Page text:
On the story side, you still go through the game mission by mission (though the story happens in the game now rather than the loading screens. Fancy that.) and you are now given the chance to customize your loadout before you start so you can begin with a gun you like. There is also the inclusion of “strike force” mission, in which you are given control of a bunch of SEALs and drones and have to complete an objective like you’d find in multiplayer. These missions are great fun and can be pretty tough, but you only get to play about four of them in a playthrough, and they aren’t randomized, so they lose their charm pretty quick. On top of that, they rarely force you to jump from character to character, the staple trick of the strike force missions.

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Perhaps the biggest change comes in the addition of future tech. CoD games have never shied away from letting you play with the biggest military toys, but Black Ops II takes it to a whole new level, showing you some crazy future device or another in practically every level, and throwing them passively at you in each mission. By the end of the game you won’t think much of a gun that shows you where every enemy in your line of sight it, or a scope that works like an x-ray, or remotely taking over a drone to fly through a house and turret people to death with, but they all add up to create a bit different of an experience from the Modern Warfare games. It might be hard to go back.

Overall, the gameplay isn’t too much different from the past entries into the series, but that isn’t a bad thing. What I can tell you is that Black Ops II feels good to play, and everything works pretty much how it should. There isn’t much lag online, and the weapons are all fun to shoot. You can’t ask for much more than that.

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Sound: Black Ops II nailed its music. Whether it’s the tense violin orchestrations that make you feel like snapping, of the insane dubstep meets orchestra of Trent Reznor’s Black Ops II theme, there is rarely a time when the music for Black Ops II wasn’t spectacular. The sound track is certainly worth investing in.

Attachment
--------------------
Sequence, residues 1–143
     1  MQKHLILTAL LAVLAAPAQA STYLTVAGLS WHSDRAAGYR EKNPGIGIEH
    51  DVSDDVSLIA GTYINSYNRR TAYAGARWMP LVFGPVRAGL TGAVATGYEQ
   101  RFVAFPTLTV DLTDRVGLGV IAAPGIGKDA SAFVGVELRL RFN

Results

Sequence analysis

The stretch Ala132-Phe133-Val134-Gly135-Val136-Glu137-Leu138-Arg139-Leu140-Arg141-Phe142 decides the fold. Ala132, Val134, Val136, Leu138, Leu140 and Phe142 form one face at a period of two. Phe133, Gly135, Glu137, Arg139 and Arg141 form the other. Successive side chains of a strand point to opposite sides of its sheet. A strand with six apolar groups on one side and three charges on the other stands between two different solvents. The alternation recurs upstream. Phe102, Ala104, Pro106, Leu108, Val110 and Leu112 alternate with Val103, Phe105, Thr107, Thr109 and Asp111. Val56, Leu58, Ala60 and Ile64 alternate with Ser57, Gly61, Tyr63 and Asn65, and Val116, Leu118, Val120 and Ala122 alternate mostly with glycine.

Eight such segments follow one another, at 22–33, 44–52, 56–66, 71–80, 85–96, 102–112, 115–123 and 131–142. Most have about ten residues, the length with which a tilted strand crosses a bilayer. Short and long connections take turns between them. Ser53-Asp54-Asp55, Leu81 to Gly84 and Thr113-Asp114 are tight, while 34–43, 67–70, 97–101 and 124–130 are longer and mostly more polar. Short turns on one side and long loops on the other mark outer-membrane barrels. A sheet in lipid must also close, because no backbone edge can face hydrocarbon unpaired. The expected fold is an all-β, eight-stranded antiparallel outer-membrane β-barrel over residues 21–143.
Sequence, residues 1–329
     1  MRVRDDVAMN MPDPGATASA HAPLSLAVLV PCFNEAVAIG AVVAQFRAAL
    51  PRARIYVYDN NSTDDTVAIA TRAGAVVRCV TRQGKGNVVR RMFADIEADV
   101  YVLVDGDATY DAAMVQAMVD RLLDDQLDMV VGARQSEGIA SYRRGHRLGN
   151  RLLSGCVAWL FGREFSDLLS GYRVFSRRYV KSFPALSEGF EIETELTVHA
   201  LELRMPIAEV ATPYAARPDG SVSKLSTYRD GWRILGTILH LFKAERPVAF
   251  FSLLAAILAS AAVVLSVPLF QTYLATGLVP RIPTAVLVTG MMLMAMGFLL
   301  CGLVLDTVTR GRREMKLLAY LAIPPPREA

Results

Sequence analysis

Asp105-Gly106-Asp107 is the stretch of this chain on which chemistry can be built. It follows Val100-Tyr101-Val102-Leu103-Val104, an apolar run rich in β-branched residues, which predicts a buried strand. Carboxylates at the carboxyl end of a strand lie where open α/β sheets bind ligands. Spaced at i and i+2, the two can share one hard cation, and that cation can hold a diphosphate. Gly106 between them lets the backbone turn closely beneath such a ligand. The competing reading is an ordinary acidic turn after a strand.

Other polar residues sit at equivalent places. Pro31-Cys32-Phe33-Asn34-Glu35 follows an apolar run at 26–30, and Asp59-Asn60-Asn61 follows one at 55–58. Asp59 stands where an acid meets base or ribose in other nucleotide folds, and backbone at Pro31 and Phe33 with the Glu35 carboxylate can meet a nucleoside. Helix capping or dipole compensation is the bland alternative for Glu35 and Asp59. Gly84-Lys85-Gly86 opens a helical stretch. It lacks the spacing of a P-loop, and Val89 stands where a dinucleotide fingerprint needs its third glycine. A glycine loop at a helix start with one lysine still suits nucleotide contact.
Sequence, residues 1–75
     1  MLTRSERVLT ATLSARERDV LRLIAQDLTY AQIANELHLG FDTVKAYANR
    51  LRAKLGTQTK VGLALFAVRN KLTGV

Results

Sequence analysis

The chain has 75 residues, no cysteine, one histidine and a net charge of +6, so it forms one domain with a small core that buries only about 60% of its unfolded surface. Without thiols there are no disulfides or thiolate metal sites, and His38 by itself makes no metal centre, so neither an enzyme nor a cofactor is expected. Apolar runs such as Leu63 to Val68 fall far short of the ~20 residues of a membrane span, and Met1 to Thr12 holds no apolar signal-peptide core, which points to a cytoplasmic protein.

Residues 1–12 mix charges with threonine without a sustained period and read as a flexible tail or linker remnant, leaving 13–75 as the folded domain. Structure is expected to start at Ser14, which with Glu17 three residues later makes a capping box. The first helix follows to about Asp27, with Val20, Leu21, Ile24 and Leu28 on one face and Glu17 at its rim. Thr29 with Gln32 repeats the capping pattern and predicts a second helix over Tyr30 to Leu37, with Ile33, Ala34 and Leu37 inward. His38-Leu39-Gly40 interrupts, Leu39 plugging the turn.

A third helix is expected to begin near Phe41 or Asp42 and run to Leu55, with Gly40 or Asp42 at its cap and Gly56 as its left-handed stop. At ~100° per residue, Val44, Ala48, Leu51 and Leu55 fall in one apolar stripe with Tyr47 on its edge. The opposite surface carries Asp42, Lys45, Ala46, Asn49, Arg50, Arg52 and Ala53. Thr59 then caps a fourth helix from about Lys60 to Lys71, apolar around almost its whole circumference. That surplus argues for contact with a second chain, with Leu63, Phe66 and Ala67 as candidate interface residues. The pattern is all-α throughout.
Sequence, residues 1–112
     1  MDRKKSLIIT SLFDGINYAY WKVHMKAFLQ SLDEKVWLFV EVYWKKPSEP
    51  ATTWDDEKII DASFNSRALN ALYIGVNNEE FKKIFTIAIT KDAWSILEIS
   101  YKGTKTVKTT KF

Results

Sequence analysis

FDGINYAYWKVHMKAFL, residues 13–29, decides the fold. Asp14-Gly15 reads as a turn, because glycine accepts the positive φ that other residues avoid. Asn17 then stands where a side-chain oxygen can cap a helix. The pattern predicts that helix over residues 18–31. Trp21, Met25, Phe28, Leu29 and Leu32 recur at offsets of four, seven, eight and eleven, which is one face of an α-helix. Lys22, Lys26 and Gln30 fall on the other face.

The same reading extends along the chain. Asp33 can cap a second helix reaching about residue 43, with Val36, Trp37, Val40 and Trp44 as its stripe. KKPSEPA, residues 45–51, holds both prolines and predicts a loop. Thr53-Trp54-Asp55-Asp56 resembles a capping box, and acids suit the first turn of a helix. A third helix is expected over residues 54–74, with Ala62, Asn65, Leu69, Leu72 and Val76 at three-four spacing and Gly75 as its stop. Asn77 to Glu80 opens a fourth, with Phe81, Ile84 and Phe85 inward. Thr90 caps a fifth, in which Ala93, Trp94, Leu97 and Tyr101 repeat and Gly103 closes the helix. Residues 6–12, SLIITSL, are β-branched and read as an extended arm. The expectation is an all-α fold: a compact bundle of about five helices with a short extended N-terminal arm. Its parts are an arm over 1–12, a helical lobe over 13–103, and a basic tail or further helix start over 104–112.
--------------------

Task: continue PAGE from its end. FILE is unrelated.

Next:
The voice acting is also top notch. Burns, Rooker, and Reyes are really the stars of the show aurally, but Rich McDonald as David Mason hangs in there with the rest of them, even if he does sound a bit like Nolan North (who also did a few voices in this game). Michael Keaton puts in a good effort as CIA Spook Hudson, and even Sam Worthington manages to be more believable as Alex Mason this time around (though, he’s still pretty much the least impressive voice actor in the game).

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One audio problem that has always been a sore spot for Call of Duty games is the weapon sounds. Sad to say, they aren’t too much better here. They’re serviceable, but guns often sound over the top and explosive. With games like Battlefield and even Medal of Honor getting highly realistic sounding weaponry and ever elevating the skill they bring to weapon audio, it’s sad to see how arcade like the weaponry for Black Ops II still sounds. I will give credit to the future weapons though, they walk a fine line between sound alien and simply highly advanced. Especially the Storm rifle, which sounds fantastic as times.